Mr. Wilson lived alone in the two story wood house on the corner. He was fastidious about his lawn and would spend most days with his bushes, muttering under his breath. If you were just fast enough, you could pedal your bike around the corner and be gone before you got too cold from the shadow of that old place.
Then one day, a calico cat showed up and decided to live with him. Not that it was his choice, the cat just kinda chose him. Mr. Wilson would walk along the porch that stretched across the front and down the sides of the house, boards creaking, his cane tapping the spindles of the railing, calling that cat all kinds of words my mom would have found worthy of ivory soap. It would just sit under the end of his old Monte Carlo, blinking its eyes at him.
The cat must have lived on mice, because there was no way he fed it, he didn't even give candy at Halloween. Early on we trained our cat to stay away from Mr. Wilson's place, but no matter how bad he treated it that old calico stuck around, lounging on his porch swing when he was not looking.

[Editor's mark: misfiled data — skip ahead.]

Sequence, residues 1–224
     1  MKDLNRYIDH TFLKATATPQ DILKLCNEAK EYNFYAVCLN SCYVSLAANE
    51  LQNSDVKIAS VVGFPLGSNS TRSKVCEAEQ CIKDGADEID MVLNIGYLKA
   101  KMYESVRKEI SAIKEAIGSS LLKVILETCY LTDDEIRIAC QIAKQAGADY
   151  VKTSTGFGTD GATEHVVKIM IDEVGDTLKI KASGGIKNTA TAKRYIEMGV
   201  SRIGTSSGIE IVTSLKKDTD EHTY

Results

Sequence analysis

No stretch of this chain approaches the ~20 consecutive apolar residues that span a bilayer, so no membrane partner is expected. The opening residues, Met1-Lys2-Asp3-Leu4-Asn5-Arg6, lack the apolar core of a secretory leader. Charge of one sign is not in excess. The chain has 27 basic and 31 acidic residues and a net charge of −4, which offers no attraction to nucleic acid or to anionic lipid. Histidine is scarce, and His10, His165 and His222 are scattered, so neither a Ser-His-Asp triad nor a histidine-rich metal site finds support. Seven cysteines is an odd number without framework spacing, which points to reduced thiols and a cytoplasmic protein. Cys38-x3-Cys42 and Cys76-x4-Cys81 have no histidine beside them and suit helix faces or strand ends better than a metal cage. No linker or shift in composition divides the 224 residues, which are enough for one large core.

One summer night, that calico disappeared. All us kids figured he finally caught up with it and our imaginations ran wild with what we thought he did. Three days later, an awful racket erupted, that drew us out into the yard. Everyone on the block was milling in the streets, watching the smoke rise from an orange glow on the corner.
Mr. Wilson stood in the center of his yard, watching his house collapse in on itself as the fire ate it cinders. It was not the fire that drew our attention though, it was all the cats in the neighborhood, lined up on the fence, screeching and mewing, staring at Mr. Wilson. As the second floor gave way into the first, they hopped down in a line and paraded passed Mr. Wilson.
He stood there shaking in his pajamas, as dad herded us back in for dinner. We never saw Mr. Wilson again after that night.
This is a Theme Thursday post.